State Court Rejects Legal Challenge To Nevada Voucher Plan

A Nevada court has rejected arguments by Americans United and its allies that the state’s new voucher program directs public funds to the support of sectarian schools.

In a May decision, Clark County District Court Judge Eric Johnson wrote that the program’s funds are “reserved for educational purposes, and not for any sectarian purpose. The state has no influence or control over how any parent makes his or her genuine and independent choice to spend his or her [Education Savings Account] funds. Consequently, the state cannot be deemed to be using the funds for a sectarian purpose as the parents, and not the state, direct through their own independent decision the funds to religious education schools.”

Johnson also rejected the argument that the program represents a failure by state lawmakers to “provide for a uniform system of common schools” as is required by the Nevada Constitution.

The state’s sweeping voucher plan, which was signed into law by Gov. Brian Sandoval (R) in 2015, is being challenged in court by Americans United, the American Civil Liberties Union and the American Civil Liberties Union of Nevada. The groups represent taxpayers and parents who say the program violates the Nevada Constitution.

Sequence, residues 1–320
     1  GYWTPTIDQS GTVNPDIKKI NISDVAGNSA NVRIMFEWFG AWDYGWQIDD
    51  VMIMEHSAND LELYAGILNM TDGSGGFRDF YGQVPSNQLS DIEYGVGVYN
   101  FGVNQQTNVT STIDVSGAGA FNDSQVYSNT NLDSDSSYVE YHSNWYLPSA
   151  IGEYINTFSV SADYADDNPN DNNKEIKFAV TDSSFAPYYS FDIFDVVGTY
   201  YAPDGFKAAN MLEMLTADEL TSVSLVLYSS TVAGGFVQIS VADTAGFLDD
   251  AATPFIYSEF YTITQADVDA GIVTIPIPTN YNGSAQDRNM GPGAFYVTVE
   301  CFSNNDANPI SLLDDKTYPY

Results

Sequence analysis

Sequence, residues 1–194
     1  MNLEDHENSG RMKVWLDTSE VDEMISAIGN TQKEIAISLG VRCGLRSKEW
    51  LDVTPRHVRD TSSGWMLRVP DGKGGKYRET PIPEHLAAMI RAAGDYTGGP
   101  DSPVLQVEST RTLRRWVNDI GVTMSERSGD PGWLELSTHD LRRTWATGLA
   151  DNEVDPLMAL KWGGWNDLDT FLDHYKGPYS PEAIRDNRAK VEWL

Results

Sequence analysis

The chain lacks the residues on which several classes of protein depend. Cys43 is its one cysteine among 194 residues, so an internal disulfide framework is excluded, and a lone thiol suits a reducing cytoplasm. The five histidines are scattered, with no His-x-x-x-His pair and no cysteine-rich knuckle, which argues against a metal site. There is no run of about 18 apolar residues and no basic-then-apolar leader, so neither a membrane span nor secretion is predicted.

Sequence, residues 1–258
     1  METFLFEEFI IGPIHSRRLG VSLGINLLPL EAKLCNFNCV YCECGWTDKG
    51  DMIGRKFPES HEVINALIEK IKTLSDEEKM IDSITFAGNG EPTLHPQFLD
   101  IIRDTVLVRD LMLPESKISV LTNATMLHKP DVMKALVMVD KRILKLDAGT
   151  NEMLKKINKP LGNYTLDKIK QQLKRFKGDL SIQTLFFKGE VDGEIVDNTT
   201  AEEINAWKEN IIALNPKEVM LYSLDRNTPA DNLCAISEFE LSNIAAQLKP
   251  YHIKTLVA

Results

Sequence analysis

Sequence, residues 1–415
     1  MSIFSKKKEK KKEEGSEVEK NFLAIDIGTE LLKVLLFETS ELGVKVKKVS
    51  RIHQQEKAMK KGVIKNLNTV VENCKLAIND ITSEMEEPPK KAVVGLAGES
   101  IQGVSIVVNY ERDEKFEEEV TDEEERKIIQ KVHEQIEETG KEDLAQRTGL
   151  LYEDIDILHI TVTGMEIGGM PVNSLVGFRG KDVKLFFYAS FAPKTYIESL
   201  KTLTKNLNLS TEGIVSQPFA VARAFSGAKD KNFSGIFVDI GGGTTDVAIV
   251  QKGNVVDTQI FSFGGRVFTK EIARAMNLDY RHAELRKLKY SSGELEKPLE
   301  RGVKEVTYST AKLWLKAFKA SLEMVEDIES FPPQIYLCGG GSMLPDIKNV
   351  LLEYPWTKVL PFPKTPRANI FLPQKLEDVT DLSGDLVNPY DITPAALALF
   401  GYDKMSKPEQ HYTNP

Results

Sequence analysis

Under the program, which would be among the largest voucher schemes in the nation, parents of students enrolled in a public school for at least 100 days may transfer their children to participating private schools, including religious schools, and would be eligible to receive about $5,000 in public education funds to pay for tuition, textbooks and other costs. The funds will be disbursed through so-called “Education Savings Accounts,” and there are no restrictions on how participating schools can use the money.

The Duncan v. Nevada lawsuit argues that the voucher funding arrangement violates Article XI, Section 10, of the Nevada Constitution, which prohibits the use of public funds for any sectarian purpose.

The lead plaintiff in the suit is Ruby Duncan, a mother, grandmother and longtime civil-rights activist and the namesake for the Ruby Duncan Elementary School in Las Vegas. Rabbi Mel Hecht, Howard Watts III, Leora Olivas and Adam Berger are also plaintiffs.

Americans United and its allies are considering an appeal of the ruling.

Nevada’s voucher program also faces a separate legal challenge, which is ongoing. In that case, a different state court struck down implementation of the program. Observers believe the matter will have to be resolved by the Nevada Supreme Court.